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Bach­elor’s Thesis

Bach­elor’s de­gree stu­dents in­ter­ested in our re­search areas are in­vited to write their bach­elor’s thesis on a cur­rent topic in the field of eco­lo­gical eco­nom­ics. For an over­view of the In­sti­tute’s re­search areas, please click here.


There are three re­quire­ments for writ­ing a bach­elor’s thesis at the In­sti­tute for Eco­lo­gical Eco­nom­ics:

  • First, suc­cess­ful com­ple­tion of the course “Grundla­gen wis­senschaft­lichen Arbeitens” (GWA, Aca­demic Re­search Tech­niques).

  • Second, suc­cess­ful com­ple­tion of at least one of the two ZuWi (Fu­ture-Ori­ented Busi­ness) courses and one of the two courses from the elect­ive mod­ule “Um­welt und Wirtschaft” (En­vir­on­mental Eco­nom­ics).

  • Third, the topic of the bach­elor’s thesis has to re­late to one of the In­sti­tute’s cur­rent re­search areas.

Re­search Pro­posal

If a stu­dent ful­fills all of the three re­quire­ments men­tioned above, he or she may sub­mit a re­search pro­posal to the In­sti­tute’s bach­elor’s theses co­ordin­ator, Si­mon Sturn. The pro­posal should be 3-5 pages long and cover the fol­low­ing ele­ments:

  • Work­ing title

  • The­or­et­ical frame­work

  • Re­search ques­tion

  • Re­search design

  • Sug­ges­ted pa­per out­line

  • Bib­li­o­graphy

The re­search pro­posal has to be sub­mit­ted via email to Si­mon Sturn. Once the re­search pro­posal is ac­cep­ted by the co­ordin­ator, the stu­dent will be al­loc­ated to a su­per­visor. Ac­cept­ance and al­loc­a­tion also de­pend on the free ca­pa­cit­ies of the avail­able su­per­visors.

Bach­elor’s theses may be writ­ten in Eng­lish or Ger­man.

Gen­eral in­form­a­tion on writ­ing bach­elor’s theses at WU can be found here.

For fur­ther in­form­a­tion about bach­elor pro­grams at WU, please visit the WU bach­elor’s pro­grams info page.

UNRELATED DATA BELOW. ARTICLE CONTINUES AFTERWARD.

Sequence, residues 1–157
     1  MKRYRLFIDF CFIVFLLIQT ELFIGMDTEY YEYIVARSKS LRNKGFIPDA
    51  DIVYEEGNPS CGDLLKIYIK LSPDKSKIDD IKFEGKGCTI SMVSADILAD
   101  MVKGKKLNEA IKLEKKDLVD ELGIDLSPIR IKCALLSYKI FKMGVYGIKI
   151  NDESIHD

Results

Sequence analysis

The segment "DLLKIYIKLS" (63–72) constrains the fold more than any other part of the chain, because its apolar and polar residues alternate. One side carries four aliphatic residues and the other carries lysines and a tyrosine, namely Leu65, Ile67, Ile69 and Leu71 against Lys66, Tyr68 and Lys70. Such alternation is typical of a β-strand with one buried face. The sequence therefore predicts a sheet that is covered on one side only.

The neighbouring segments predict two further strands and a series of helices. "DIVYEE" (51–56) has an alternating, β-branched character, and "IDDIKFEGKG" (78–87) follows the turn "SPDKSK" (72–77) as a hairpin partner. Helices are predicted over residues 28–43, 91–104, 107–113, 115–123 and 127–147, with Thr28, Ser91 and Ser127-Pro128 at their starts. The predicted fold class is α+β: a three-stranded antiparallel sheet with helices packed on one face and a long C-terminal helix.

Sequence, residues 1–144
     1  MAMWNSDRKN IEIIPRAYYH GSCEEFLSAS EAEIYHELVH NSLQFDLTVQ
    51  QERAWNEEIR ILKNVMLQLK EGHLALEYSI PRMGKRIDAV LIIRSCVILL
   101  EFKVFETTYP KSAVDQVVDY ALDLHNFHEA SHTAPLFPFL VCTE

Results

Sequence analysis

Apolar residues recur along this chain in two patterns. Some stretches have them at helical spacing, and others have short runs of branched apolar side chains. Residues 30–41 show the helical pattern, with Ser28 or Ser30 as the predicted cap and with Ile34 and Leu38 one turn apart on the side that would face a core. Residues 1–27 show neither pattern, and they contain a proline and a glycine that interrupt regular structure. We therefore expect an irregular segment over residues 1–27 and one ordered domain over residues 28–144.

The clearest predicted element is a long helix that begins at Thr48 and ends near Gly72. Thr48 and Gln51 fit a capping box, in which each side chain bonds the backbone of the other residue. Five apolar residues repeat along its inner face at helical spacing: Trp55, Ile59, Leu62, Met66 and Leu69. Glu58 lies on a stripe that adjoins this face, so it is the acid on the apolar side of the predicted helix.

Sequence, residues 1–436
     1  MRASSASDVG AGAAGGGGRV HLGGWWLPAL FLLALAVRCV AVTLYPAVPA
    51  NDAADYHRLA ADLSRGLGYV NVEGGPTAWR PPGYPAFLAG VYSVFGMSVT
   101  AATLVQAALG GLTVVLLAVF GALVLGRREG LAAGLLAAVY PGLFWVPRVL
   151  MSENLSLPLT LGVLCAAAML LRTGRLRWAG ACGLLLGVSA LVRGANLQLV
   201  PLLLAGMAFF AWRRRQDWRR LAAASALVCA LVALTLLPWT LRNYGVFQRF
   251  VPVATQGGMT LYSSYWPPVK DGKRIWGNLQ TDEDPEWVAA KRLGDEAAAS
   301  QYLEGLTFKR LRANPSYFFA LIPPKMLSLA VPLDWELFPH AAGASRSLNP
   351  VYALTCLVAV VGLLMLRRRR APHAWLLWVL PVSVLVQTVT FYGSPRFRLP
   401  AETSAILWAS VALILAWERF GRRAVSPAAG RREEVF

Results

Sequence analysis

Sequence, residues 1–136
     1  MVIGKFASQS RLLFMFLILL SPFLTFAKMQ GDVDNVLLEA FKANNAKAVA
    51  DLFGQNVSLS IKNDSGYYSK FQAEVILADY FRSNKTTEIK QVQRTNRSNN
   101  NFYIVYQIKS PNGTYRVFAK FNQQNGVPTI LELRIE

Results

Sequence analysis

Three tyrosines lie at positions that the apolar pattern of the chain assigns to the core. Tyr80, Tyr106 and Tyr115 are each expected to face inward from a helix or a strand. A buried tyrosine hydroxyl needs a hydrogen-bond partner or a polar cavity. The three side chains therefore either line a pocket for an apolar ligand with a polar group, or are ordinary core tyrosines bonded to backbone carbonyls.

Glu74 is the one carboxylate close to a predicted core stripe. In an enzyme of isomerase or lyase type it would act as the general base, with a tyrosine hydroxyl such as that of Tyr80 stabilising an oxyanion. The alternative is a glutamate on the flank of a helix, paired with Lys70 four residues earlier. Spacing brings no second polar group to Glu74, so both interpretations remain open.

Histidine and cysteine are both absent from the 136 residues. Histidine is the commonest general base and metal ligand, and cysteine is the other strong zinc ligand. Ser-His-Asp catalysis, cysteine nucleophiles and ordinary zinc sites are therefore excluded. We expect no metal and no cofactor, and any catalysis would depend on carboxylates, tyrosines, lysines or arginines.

Cur­rent bach­elor’s de­gree courses

Sug­ges­ted Sub­jects

Prof. Dr. Sigrid Stagl, MS.   

  • food & sus­tain­ab­il­ity (en­vir­on­mental and so­cial im­pacts of food, in­ter­na­tional trade, in­nov­at­ive food ini­ti­at­ives, etc.)   

  • En­ergy & sus­tain­ab­il­ity (re­new­able en­ergy, cli­mate change, etc.)   

  • Work in a sus­tain­able economy   

  • Sus­tain­able be­ha­viours, incl. pi­on­eers of change, tip­ping points

Dr. Emanuele Cam­piglio

  • Cli­mate Fin­ance (cli­mate fin­an­cial risk; green cent­ral bank­ing; green bonds, devel­op­ment banks; stran­ded as­sets; North-­South cli­mate fin­ance)

  • Growth and re­source the­ory

  • Cli­mate eco­nomic mod­el­ling

  • Eco­lo­gical mac­roe­co­nomic mod­el­ling

Irene Monas­ter­olo, Ph.D.

  • Cli­mate change im­pact on the growth-fin­ance-inequal­ity nexus

  • In­dic­at­ors of fin­an­cial port­fo­lios’ ex­pos­ure to car­bon stran­ded as­sets

  • Align­ment of in­vest­ments’ flows to the 1.5 de­grees tar­get and the Sus­tain­able Devel­op­ment Goals

  • Stock­-­Flow Con­sist­ent mac­roe­co­lo­gical mod­els

  • Cli­mate stress test of the fin­an­cial sys­tem and mac­ro-fin­an­cial net­works

  • Cli­mate change ad­apt­a­tion through the food-wa­ter­-en­ergy nexus

Dr. Chris­tian Ram­mel  

  • Sus­tain­ab­il­ity and trans­form­a­tional learn­ing/edu­ca­tion   

  • Smart cit­ies top­ics   

  • Sus­tain­ab­il­ity driven en­tre­pren­eur­ship   

  • Re­si­li­ence, change and ad­ap­tion

Lies­beth de Schut­ter, Dipl.-Ing.

  • How do we see the farm? (WS 2016, in­ter­na­tional re­search co­oper­a­tion with NL and HU)

  • Policies af­fect­ing food con­sump­tion in west­ern so­ci­et­ies

  • Par­ti­cip­at­ive man­age­ment of com­mon pool re­sources

  • So­cial net­works in ag­ri­cul­tur­eEn­vir­on­mental inequal­ity

Si­mon Sturn, MSc.

  • Em­ploy­ment ef­fects of work­ing time re­duc­tions

  • Meas­ur­ing en­vir­on­mental policy strin­gency within and across coun­tries​

  • De­termin­ants of con­sumer­ism

You can find more in­form­a­tion about the is­sues here.

Barbara GAAL
Barbara GAAL

Secretary Office